Oscars Devote Video to Representation Despite Still Being Bad at It

This past year saw many huge moments for representation on screen, though the Academy still has catching up to do.
Image via ABC

In an impassioned Oscars introduction to a video featuring prominent Hollywood actors, writers, and directors, Ashley Judd, Annabella Sciorra, and Salma Hayek gave a nod to the Time’s Up movement and commended filmmakers who have defied the odds to give underrepresented communities films that they can see themselves in—something that’s long been available to white America.

“We salute those unstoppable spirits who kicked ass and broke through bias perceptions against their gender, race, and ethnicity to tell their stories,” said Hayek.


It’s been three years since April Reign ignited a movement after she tweeted #OscarsSoWhite in 2015 in light of the fact that not a single non-white person was nominated for any of the four acting categories. Since then, the Academy has woken up a bit.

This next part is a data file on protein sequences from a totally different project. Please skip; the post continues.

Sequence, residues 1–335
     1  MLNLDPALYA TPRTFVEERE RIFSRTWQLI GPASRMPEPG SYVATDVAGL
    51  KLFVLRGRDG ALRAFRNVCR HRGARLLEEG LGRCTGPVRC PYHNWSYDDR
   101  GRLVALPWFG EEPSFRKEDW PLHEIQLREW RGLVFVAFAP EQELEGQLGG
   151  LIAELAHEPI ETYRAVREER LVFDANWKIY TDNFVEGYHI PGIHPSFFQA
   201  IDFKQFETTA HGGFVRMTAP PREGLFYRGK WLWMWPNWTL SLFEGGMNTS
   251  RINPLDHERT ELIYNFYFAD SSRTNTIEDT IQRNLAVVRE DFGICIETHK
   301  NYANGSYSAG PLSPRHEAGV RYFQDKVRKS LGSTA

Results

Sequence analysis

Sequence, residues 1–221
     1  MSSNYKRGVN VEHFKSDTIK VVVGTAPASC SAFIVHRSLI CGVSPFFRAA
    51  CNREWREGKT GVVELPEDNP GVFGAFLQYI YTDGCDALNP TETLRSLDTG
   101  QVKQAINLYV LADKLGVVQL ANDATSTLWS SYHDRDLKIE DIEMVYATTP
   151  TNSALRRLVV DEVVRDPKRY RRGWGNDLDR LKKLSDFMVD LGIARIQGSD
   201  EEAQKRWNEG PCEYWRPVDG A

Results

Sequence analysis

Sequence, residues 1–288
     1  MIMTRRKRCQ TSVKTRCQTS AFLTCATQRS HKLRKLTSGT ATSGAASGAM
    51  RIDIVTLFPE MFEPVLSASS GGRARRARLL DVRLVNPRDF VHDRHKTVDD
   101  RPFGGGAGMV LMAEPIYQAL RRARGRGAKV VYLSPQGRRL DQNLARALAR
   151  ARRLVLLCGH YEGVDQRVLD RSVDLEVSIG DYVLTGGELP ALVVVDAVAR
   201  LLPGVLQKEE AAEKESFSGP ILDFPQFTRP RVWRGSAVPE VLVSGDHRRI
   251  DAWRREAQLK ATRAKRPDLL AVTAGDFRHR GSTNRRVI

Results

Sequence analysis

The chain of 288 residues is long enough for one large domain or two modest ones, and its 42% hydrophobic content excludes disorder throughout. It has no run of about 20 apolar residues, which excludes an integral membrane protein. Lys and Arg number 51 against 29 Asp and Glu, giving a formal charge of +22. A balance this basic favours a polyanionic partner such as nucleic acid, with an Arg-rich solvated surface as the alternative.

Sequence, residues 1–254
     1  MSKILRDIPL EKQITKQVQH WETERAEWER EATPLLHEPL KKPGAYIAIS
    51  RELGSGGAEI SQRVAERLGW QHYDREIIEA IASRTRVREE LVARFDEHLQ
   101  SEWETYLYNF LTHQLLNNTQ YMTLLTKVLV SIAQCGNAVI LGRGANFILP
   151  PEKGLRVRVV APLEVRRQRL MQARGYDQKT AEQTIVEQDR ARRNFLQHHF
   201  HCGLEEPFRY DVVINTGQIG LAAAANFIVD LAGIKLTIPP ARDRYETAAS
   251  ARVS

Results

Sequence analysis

Though overall representation in Hollywood has been fairly stagnant for the past decade, and the Academy still has a white, male problem—this past year saw many huge moments for representation and diversity on screen. The compilation featured women and filmmakers of color including Lee Daniels, Ava Duvernay, Yance Ford, Dee Rees, Kumail Nanjiani, and more discussing the importance of diversity and representation.

“Some of my favorite movies are movies by straight white dudes about straight white dudes,” said Nanjiani. “Now straight white dudes can watch movies starring me and you relate to that. It’s not that hard!”

“[As a filmmaker,] you can deconstruct the very way that people see themselves and the way that they are seen,” said Ava DuVernay.

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We are seeing the power of representation as Black Panther continues to sell out at theaters across the country and inspire people across generations—some of which have waited a lifetime to see Black representation in a movie of this scale that didn’t center slavery or segregation. In a 2012 study on representation and children’s self-esteem, of almost 400 black and white boys and girls, researchers found that the only demographic that didn’t experience lower self-esteem after watching TV was white boys. If the predictions of the actors, writers, and directors featured in this Oscar video are correct, white boys won’t be the only ones whose sense of self is elevated rather than hurt by watching movies.